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Winners announced for 2023 Surrey Schools Minecraft Challenge

Katzie.jpgKatzie Elementary' winning build in the Intermediate category of the 2023 Surrey Schools Minecraft Challenge. 

The winners have been announced for the 2023 Surrey Schools Minecraft Challenge, which saw students take on bridge engineering for this year’s build.

Entries were divided into three age groups, Primary (K-3), Intermediate (Grades 4-7) and Secondary (Grades 8-12). The winning builds this year are:

  • Primary: KB Bridge Builder Buds (K.B. Woodward Elementary)
  • Intermediate: Division 6 Builders (Katzie Elementary)
  • Secondary: The Grass Community (Guildford Park Secondary)

While last year’s challenge had students recreate their own school in Minecraft, this year students were tasked with building all four bridges that span the Fraser River – The Golden Ears, Port Mann, Pattullo and Alex Fraser bridges. 

KB%20Woodward-1.jpgOne of the bridges in the K.B. Woodward's submission for the Primary category.“We heard from teachers that this year’s build was definitely more of a challenge than last year’s,” said technology helping teacher and challenge founder Gareth Poon. “I think it's good to keep pushing students to think outside the box and it was cool to see how creative they could be with their builds and replicating the various aspects of our bridges.”

Poon said the challenge this year came from having to ensure the bridges came together as a cohesive structure, something more difficult when constructing a structure that stands in the air as opposed to a school on the ground.
 “Communication and collaboration between team members was definitely more important for this year,” he explained. “When building a bridge, you have to make sure all the parts are even, that the bridge deck stays level and that the girders or cables are all lined up with each other, so that definitely upped the challenge for this year.”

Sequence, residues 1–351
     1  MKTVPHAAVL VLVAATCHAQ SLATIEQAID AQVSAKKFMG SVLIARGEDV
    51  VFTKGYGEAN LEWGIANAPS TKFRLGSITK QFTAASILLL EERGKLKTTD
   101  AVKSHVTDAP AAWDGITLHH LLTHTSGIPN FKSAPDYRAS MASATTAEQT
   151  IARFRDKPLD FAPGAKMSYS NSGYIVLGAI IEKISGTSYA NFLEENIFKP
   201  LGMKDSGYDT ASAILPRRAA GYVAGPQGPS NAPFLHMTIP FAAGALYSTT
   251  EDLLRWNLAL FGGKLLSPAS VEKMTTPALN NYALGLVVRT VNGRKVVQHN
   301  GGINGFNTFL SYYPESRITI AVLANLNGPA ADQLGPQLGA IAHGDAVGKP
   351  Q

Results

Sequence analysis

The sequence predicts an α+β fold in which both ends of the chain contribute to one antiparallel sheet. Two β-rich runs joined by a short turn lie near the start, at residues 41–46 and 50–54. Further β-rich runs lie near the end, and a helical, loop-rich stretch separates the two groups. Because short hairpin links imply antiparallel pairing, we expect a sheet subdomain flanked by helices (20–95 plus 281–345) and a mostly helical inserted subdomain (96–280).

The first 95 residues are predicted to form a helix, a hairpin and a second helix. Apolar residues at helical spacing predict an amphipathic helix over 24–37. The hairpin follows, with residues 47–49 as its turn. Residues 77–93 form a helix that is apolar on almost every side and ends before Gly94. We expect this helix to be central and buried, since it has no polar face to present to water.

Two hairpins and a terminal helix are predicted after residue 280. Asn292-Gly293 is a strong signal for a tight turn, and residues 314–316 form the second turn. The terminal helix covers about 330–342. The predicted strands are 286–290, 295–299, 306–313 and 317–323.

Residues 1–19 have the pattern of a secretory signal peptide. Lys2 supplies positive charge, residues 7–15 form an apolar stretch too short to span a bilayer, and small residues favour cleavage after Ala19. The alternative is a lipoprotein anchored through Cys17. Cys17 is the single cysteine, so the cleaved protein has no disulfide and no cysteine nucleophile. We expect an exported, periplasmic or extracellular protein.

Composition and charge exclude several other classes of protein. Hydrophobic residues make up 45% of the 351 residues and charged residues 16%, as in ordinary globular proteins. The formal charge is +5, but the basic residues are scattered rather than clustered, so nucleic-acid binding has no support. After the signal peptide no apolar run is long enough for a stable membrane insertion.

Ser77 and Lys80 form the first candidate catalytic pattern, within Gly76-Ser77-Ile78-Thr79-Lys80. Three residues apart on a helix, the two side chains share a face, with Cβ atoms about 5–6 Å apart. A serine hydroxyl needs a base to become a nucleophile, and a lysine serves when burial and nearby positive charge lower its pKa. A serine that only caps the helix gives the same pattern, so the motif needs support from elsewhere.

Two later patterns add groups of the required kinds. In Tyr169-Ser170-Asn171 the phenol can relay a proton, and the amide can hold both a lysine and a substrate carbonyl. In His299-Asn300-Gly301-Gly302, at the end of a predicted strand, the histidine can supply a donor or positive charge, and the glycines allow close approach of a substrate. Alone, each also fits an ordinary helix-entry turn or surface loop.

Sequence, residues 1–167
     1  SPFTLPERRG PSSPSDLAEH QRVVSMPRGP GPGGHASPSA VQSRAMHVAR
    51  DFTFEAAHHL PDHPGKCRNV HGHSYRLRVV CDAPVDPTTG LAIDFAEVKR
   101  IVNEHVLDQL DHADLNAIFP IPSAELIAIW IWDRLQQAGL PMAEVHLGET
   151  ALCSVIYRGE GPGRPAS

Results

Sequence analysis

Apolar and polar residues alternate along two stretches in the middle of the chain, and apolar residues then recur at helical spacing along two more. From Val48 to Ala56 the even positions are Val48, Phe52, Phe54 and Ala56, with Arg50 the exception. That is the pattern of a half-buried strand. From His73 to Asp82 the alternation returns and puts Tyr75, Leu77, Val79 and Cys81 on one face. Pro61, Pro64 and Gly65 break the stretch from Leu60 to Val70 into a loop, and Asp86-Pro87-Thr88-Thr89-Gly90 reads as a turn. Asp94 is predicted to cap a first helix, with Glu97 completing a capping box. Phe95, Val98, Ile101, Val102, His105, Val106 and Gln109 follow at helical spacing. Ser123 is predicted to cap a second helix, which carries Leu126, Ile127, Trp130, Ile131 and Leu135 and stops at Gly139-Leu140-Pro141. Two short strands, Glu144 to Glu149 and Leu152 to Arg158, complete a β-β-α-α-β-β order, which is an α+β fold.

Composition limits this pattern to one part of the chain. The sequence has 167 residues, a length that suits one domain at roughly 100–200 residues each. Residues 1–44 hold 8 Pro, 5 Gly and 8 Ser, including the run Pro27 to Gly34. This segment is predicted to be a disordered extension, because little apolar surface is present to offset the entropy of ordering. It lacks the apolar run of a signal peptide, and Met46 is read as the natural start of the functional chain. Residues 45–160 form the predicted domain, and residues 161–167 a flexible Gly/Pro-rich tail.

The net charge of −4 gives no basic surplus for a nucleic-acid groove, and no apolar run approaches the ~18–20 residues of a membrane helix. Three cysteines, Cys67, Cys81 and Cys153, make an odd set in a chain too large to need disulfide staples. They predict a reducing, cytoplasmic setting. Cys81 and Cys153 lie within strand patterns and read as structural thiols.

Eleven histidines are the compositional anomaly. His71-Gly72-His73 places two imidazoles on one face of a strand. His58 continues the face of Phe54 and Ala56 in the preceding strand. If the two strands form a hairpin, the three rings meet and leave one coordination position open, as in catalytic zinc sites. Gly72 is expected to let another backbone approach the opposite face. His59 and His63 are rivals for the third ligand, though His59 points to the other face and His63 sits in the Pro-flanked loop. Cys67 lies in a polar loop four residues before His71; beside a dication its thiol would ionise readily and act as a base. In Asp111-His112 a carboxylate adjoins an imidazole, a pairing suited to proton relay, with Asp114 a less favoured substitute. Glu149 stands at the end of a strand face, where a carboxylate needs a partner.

This year’s challenge saw 95 student teams from 27 schools across Surrey and White Rock take part. Winning builds were selected based on bridge and river design, as well as details such as accurate lane markings, vehicles and signage.

The nature of this year’s build also meant students had to take a different approach to researching how they would construct the bridges.  

During the 2022 challenge, some student teams went as far as measuring their schools with trundle wheels in order to accurately reconstruct them in Minecraft. This year, Poon said teams explored the differences between a truss or cable-stayed bridge, and which materials would be most appropriate to use for certain bridge purposes.

“So for this year students were able to spent time learning about their local geography, the engineering concepts that go into the structures they see around us and how building over a body of water is very different than building something on land,” he explained.Guildford%20Park.jpgA bridge from Guildford's Park's winning entry for this year's challenge.

As for next year’s challenge, Poon said he and a committee of educators have some ideas in mind and will finalize a theme in early 2024.

“It’s been really fun to see our students continually impress with these builds. As long as the student interest is there, we’ll keep doing it.” 

To download and explore this year’s winning Minecraft builds click here (a Minecraft Education account is required to open the builds).

To learn more about Minecraft Education and explore lesson plans and resources, click here.

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